When the world goes mad, what are business owners at the heart of the Edgewood party district to do? Make changes that are fun and responsible and hope their passion translates into survival, of course.
Like every business, gay-owned or otherwise, Georgia Beer Garden and its sister venue Joystick Gamebar struggled with the wrench the coronavirus pandemic threw into their path. That’s true even now as they regain footing.
“The good news is nobody on staff has been sick,” said Brandon Ley, co-owner of the two venues with Johnny Martinez. “The bad news is the businesses only pull in about 15% of what they were doing this same time last year. It’s been hard.”
In 2014, Martinez and Ley (top photo, l-r) added their Southern twist to the classic beer garden to the already thriving Joystick across the street in 2014. They welcome inclusive crowds for beers exclusively from Georgia, regional spirits, and a balanced menu with something for everyone.
Always gay-owned but never gay-narrow, Georgia Beer Garden’s inclusive schedule was peppered with queer events. Regulars flocked to Chug drag shows (second photo), watch parties for the gay pro-soccer fans of All Stripes and more.
Then came coronavirus, and a winning formula needed tweaking — fast.
Outdoor Korean fusion & ‘boozy slushies’
Two federal rescue loans aimed at the pandemic economy bolstered the men’s resolve and resources. A great relationship with a neighboring Korean Fusion restaurant also helped a new business model take shape.
“Both Joystick Gamebar and DaeChowChow are quarantining in one spot, Georgia Beer Garden,” Martinez said. “Together, all three offer to-go, and we built out a website to allow folks to order online.”
They even redesigned the popular Georgia Beer Garden patio.
“We made it easier to access the backyard without having to step foot inside,” Martinez and Ley said. “Our backyard is the largest in Downtown Atlanta, so it allows for plenty of social distancing.”
Frozen cocktails called “Boozy slushies” are ready for takeout, and the menu expands with new offerings from DaeChowChow. To expand horizons further, new hours of operation host house-made breakfast sandwiches and coffee on tap. The to-go window starts slinging both at 8 a.m.
“We try to keep our spirits up by being excited for the changes we’re making,” Martinez said. “We hope that our joy and passion for what we’re doing translates to our guests’ experiences.”
Winter is coming
As they expressed in a recent Q Conversations about gay-owned bars surviving the pandemic, Martinez and Ley take coronavirus seriously. Staff is temperature-checked, masked and pulling double duty on sanitizing. Reduced occupancy and outside-only service are the new normal.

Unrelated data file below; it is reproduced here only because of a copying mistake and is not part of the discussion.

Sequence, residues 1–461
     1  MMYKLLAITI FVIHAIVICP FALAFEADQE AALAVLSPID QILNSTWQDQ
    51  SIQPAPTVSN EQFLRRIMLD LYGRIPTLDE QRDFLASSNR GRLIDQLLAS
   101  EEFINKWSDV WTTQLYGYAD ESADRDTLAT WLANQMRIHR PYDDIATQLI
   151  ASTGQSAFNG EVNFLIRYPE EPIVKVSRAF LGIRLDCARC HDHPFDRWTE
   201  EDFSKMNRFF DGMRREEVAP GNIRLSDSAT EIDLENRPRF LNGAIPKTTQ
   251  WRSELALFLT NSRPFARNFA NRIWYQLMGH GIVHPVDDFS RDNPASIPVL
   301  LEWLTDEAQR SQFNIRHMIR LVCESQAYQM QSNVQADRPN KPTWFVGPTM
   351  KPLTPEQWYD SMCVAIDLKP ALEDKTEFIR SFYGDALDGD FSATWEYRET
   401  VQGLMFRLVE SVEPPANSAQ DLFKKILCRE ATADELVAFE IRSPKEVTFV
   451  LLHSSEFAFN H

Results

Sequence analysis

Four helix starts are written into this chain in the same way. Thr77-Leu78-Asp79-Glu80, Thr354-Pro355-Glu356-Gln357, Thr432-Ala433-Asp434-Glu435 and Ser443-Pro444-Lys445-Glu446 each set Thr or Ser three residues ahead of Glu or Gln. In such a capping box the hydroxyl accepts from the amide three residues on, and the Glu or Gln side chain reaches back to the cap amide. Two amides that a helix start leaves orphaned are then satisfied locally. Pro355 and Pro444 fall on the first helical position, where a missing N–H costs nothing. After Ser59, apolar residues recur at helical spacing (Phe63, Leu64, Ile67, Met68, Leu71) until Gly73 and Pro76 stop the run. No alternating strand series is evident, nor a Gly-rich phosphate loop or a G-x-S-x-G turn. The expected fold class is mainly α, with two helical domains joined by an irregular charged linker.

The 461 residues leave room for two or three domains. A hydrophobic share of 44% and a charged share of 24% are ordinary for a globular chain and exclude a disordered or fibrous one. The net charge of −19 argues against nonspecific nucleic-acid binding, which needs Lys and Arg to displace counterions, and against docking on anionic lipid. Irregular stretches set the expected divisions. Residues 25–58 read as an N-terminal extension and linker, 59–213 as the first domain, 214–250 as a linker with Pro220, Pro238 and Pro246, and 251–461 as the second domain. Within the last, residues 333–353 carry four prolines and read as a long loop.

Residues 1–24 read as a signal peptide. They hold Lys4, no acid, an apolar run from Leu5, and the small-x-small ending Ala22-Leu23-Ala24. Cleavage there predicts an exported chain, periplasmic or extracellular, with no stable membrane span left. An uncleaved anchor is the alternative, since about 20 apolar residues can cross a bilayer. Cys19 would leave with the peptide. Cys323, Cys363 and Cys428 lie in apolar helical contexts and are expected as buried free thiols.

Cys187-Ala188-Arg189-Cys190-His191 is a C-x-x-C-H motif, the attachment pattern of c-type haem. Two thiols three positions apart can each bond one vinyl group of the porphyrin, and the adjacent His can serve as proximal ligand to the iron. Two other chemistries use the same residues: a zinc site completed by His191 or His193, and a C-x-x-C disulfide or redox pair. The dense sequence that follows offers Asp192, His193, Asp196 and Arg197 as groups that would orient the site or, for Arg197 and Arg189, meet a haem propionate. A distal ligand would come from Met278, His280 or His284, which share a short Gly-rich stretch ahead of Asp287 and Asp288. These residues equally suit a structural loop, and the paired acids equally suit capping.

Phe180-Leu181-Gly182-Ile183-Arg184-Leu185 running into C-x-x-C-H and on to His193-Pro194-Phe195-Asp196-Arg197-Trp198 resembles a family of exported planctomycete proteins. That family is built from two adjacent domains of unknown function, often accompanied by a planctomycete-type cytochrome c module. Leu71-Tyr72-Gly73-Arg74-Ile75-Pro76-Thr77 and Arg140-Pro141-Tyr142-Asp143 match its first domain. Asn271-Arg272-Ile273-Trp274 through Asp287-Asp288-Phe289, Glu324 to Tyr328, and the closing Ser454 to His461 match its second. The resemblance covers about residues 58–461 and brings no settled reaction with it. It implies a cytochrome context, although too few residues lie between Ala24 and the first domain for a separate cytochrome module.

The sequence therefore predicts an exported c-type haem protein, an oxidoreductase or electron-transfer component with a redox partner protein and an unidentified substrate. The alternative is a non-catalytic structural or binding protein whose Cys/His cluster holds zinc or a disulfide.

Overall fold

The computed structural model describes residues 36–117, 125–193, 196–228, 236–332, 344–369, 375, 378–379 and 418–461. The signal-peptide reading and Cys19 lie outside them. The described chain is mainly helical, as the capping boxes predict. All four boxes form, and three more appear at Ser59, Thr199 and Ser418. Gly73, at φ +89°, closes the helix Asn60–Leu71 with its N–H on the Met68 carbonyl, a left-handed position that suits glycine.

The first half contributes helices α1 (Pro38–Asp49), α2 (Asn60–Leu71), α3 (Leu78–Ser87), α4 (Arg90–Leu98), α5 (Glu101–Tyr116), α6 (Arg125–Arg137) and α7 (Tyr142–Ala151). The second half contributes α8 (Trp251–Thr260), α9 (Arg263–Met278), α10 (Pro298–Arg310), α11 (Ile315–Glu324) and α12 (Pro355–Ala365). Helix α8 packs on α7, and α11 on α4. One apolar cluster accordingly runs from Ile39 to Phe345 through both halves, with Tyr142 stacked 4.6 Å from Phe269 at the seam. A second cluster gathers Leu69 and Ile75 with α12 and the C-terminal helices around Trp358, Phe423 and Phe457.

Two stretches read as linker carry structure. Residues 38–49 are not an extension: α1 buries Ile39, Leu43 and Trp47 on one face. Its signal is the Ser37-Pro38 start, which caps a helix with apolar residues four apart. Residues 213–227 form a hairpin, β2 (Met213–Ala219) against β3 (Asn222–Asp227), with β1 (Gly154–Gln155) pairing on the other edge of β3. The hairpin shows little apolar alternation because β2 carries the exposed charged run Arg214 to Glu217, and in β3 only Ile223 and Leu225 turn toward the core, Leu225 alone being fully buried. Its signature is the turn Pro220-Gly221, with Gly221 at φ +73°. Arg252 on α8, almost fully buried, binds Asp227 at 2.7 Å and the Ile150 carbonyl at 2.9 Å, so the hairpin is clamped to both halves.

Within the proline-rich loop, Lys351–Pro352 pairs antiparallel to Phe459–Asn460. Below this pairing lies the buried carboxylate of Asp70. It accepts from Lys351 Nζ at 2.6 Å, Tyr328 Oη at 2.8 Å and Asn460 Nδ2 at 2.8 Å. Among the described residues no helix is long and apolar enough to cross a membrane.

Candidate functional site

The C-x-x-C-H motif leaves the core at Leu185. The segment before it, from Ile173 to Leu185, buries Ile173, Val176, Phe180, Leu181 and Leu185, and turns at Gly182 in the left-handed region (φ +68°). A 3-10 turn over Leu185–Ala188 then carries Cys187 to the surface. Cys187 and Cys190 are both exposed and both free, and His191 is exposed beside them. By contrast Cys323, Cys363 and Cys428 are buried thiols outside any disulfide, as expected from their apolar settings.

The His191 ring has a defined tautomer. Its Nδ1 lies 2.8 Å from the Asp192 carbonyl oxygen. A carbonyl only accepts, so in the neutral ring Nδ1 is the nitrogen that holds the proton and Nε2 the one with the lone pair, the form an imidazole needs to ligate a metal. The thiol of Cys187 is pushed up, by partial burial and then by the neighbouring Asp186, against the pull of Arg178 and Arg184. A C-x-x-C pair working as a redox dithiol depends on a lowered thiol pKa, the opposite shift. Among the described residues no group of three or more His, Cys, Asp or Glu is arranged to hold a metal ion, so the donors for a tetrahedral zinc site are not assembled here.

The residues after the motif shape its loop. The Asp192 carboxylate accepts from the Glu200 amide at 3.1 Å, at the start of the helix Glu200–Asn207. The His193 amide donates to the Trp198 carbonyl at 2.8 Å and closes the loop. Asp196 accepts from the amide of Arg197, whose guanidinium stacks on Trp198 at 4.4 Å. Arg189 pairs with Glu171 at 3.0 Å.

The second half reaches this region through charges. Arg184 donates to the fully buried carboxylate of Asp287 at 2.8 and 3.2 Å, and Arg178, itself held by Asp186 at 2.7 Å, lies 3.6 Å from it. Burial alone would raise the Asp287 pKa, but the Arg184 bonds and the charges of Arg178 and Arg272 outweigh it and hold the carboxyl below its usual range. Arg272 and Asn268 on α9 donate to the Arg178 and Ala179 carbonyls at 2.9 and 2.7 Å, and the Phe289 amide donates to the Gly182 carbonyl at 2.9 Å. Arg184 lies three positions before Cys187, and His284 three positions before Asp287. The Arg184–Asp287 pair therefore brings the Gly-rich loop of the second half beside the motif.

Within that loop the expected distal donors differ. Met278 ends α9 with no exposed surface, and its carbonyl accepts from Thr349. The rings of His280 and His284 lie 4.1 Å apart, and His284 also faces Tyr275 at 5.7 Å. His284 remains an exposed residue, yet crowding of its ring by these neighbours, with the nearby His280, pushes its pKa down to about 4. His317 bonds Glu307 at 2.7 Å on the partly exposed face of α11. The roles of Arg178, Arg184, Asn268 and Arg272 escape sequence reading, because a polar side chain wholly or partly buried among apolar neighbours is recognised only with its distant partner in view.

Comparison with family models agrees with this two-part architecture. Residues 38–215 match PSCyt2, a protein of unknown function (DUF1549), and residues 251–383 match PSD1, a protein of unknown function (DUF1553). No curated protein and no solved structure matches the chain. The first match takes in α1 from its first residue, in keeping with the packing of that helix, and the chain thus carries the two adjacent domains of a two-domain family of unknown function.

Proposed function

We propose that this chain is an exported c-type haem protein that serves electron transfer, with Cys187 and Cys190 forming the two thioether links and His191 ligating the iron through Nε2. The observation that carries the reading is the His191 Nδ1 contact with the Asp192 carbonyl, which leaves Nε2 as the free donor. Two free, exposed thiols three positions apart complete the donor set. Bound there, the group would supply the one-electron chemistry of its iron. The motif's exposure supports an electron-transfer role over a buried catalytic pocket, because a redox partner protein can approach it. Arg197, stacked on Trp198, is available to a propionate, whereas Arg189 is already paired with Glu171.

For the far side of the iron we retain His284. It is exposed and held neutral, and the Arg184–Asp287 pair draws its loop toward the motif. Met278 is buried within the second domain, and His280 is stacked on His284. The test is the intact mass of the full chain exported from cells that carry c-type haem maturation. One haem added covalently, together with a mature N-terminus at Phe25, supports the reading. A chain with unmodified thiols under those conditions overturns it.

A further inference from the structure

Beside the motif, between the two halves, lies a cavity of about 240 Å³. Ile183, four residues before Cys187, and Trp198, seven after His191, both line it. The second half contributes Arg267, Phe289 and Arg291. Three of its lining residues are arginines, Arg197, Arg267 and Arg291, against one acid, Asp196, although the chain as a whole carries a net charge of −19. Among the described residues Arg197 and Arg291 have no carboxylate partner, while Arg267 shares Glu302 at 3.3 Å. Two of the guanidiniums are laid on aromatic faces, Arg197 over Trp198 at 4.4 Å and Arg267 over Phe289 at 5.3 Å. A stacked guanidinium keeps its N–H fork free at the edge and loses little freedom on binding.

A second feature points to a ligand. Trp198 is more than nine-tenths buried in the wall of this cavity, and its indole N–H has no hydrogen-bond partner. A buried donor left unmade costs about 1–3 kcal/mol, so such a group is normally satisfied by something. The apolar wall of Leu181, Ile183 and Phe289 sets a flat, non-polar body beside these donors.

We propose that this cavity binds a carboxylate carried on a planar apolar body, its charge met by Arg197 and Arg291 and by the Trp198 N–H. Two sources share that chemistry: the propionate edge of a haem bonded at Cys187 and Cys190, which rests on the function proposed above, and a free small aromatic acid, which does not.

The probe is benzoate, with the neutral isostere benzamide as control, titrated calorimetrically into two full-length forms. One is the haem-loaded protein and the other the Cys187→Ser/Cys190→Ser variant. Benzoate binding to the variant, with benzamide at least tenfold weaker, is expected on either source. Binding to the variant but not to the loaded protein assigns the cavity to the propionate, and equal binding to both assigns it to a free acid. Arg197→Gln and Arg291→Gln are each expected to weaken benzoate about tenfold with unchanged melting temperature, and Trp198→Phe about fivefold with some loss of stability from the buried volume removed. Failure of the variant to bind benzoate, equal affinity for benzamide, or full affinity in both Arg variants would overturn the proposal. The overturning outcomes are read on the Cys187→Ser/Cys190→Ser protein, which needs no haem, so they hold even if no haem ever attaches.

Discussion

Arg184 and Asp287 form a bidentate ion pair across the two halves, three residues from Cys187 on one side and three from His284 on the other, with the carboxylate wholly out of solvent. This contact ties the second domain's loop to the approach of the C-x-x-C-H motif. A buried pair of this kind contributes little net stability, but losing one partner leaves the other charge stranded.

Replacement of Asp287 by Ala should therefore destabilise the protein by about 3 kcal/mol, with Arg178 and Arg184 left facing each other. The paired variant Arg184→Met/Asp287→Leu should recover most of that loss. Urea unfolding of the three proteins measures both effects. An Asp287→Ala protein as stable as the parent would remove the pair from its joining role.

“Guests can enjoy Georgia Beer Garden’s spacious backyard, but inside is off limits,” Ley said.
“Joystick hosts only small, private parties with guests in one room and staff in another with different air circulators,” Martinez added. “We value the health of our guests and staff more than money.”
And those popular events (third photo)? They get 2020 makeovers. The backyard fills with pitchers and pretzels for Oktoberfest, and Halloween hosts an outside “Nightmare Bar.”
For the most part, the changes work, but “funds are drying up, and winter is coming,” the owners said with only a half-kidding ominous tone. Still, they’re determined to get through the tough times.
Parties, politics and people
Ley and Martinez view the whole pandemic year as a challenge, and their events as something they can do to keep business flowing and people happy.
“We will continue to be a home to Atlanta’s politically active, with outdoor, limited capacity debate watch parties,” they said. “Gathering for sports isn’t prudent, so we’ve created our Weekend Tailgate @ Home packages.”
The guys are no strangers to community advocacy and progressive politics, from a soccer clinic for kids with All Stripes and Atlanta United (bottom photo) to Atlanta’s Downtown Façade Improvement Program. In June, they pushed the legislature and governor for legalized marijuana as good for Georgia.
When it comes to the future, Ley and Martinez said that making it better lies in the present, with LGBTQ people taking the lead.
“On a scale of 1 to 10, we’re at 100 on being ready to put this all behind us,” they said, predicting that “back to normal” could be any time from spring to Christmas in 2021.
“Please stop engaging in risky behaviors, because you’re not just putting yourself in harm’s way,” the men asserted. “All of our lives and livelihoods are on the line.”